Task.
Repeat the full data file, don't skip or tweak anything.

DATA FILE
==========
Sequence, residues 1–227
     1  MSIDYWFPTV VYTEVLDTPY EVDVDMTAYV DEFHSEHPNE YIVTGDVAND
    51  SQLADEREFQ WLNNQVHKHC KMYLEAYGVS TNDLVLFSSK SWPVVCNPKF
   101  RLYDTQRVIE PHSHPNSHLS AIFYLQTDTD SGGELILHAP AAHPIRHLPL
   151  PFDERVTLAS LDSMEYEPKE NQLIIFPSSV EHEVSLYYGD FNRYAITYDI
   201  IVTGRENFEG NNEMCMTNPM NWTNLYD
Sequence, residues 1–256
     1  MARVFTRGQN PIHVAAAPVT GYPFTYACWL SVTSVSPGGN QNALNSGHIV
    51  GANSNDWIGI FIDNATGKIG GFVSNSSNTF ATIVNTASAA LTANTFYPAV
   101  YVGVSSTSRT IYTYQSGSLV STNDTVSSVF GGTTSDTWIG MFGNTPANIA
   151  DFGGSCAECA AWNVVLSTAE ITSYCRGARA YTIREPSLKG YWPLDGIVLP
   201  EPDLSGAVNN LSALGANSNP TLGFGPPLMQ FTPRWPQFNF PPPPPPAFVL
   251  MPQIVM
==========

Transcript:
Sequence, residues 1–227
     1  MSIDYWFPTV VYTEVLDTPY EVDVDMTAYV DEFHSEHPNE YIVTGDVAND
    51  SQLADEREFQ WLNNQVHKHC KMYLEAYGVS TNDLVLFSSK SWPVVCNPKF
   101  RLYDTQRVIE PHSHPNSHLS AIFYLQTDTD SGGELILHAP AAHPIRHLPL
   151  PFDERVTLAS LDSMEYEPKE NQLIIFPSSV EHEVSLYYGD FNRYAITYDI
   201  IVTGRENFEG NNEMCMTNPM NWTNLYD
Sequence, residues 1–256
     1  MARVFTRGQN PIHVAAAPVT GYPFTYACWL SVTSVSPGGN QNALNSGHIV
    51  GANSNDWIGI FIDNATGKIG GFVSNSSNTF ATIVNTASAA LTANTFYPAV
   101  YVGVSSTSRT IYTYQSGSLV STNDTVSSVF GGTTSDTWIG MFGNTPANIA
   151  DFGGSCAECA AWNVVLSTAE ITSYCRGARA YTIREPSLKG YWPLDGIVLP
   201  EPDLSGAVNN LSALGANSNP TLGFGPPLMQ FTPRWPQFNF PPPPPPAFVL
   251  MPQIVM